Suikoden V PS2 Review

The Suikoden series has always delivered a compulsive storyline, which is up there amongst the best yarns in not only RPGS but entertainment as a whole. It certainly tells a better story than it plays a game, so much so that it’s easy to forget that the series has always had its shortcomings, and despite reaching its fifth instalment and tenth year, they still have yet to be addressed.

As always, Suikoden V has a magnificent plot, which in spite of its theme of magic and offbeat races in its world, still manages to be an authentic portrayal of war. You play a nameless prince, who comes from the Queendom of Falena a country run by an unpredictable Queen. Common themes of the series such as war, tragic loss, deceit and friendship are all intact.

To begin with you are little more than a spectator, with the only form of interaction being a regular push of the X button to progress through text based speeches. Indeed, it takes a number of hours, before you are able to actually control your avatar for any lengthy duration of time, and this could be seen as a problem by those who’d rather play than watch their games.

When you finally do play it, things are largely as they always have been.

The regular battles are of the basic turn-based variety, with familiar elements such as co-op attacks and Runes (bodily attachments used for magic) along with a new formation system that allows you to change your strategy based on your current situation, in addition to this is the return of the six person party, which was sorely missed from the underrated Suikoden IV. As usual the encounter rate is sky high, with every few steps warping you into a new skirmish. But, since the battles are so fast and often over in mere seconds, this never proves to be too much of an annoyance thankfully.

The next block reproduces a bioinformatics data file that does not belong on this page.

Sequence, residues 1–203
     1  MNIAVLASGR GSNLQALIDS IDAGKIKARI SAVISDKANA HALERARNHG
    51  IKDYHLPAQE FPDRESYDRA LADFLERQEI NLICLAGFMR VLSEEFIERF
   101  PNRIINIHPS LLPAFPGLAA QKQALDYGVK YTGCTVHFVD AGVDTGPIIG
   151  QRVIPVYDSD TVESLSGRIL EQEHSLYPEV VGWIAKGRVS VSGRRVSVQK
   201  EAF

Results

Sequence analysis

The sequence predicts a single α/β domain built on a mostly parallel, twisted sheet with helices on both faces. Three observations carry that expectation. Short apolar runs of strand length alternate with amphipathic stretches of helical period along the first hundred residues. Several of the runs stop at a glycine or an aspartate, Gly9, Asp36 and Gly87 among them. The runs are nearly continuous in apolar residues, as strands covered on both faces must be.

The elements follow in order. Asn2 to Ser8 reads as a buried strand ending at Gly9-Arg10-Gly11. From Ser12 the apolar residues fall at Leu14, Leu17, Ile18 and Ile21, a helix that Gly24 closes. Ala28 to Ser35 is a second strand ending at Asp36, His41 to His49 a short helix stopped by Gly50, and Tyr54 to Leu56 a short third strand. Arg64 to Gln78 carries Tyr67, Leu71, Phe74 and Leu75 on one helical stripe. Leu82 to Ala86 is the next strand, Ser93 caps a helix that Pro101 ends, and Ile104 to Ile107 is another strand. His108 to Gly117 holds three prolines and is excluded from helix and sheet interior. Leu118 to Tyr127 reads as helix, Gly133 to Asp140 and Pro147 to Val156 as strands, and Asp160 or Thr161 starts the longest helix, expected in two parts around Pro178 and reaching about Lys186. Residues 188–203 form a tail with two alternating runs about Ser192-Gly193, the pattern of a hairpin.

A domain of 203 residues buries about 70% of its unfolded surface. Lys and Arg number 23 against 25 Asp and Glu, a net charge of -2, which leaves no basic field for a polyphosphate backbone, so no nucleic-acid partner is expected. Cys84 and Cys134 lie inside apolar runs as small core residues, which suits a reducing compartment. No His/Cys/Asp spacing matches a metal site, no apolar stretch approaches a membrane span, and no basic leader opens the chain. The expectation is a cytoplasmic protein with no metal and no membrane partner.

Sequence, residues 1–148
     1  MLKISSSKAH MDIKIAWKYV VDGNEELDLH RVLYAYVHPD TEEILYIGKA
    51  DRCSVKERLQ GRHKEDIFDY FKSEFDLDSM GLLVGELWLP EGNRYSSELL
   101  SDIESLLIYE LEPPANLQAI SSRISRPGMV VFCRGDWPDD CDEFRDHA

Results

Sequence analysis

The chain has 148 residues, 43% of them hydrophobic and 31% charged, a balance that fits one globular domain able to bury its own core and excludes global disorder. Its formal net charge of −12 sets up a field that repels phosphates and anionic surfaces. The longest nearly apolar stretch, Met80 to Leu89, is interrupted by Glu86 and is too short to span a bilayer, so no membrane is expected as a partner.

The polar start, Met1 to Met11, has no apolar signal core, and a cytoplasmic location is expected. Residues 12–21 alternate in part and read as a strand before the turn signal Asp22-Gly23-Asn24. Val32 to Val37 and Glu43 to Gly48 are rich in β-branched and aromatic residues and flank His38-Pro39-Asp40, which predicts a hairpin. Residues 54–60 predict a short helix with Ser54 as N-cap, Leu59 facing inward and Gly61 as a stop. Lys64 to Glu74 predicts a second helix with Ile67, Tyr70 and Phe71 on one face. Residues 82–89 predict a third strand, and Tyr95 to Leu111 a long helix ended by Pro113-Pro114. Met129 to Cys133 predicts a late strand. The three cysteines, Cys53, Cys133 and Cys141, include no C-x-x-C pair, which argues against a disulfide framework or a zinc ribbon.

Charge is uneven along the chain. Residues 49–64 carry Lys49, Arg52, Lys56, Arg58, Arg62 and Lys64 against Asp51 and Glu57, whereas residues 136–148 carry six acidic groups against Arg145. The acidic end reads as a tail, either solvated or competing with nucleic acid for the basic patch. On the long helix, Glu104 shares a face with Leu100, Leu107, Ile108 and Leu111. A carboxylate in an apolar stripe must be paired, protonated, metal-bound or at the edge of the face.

At certain important plot points, you’ll partake in duels, which will be familiar to fans of the series. These function differently to the regular battles and most often see the prince taking on an important bad guy one-on-one. Prior to every attack he/she makes, your adversary will mutter some words, offering you a clue as to their next action, this allows you to pick your own attack type accordingly. With most opponents words being painfully obvious, most duels are easy to overcome, however they do look fantastic and succeed in adding importance to certain battles.

The RTS like mass battles make a welcome return. Since they utilize the papers-scissors and stones method, these function much like the above mentioned duels. Archers are weak against infantry, whilst infantry are weak against cavalry for example. You are rewarded items upon victory in these battles, the quality of which is determined by your overall performance, so it’s worth keeping losses to a minimum if at all possible.

Other familiar and fan pleasing elements are the return of the 108 stars of destiny, which consist of warriors and merchants, amongst others that all contribute to your cause. Some of these will join you at important plot points, whilst the remainder are optional and differing methods will earn you their service, which are at times a bit too obscure it has to be said.

Though it’s more challenging than its predecessors, Suikoden V is far too easy. Even the bosses don’t put up much of a fight and can usually be downed within a couple of turns. The most challenging aspect of the game is seeking out the 108 stars of destiny, but it’s all too often related to luck rather than skill and because of the much larger areas and jarring loading times it’s much more of a tedious activity than usual too.

Suikoden V is not the most playable RPG around, but story wise, it’s one of the best examples of the genre there is. For Suikoden VI, Console Obsession hopes that the gameplay will match the storyline for magnificence, a concoction that will surely result in one of the finest RPGS ever.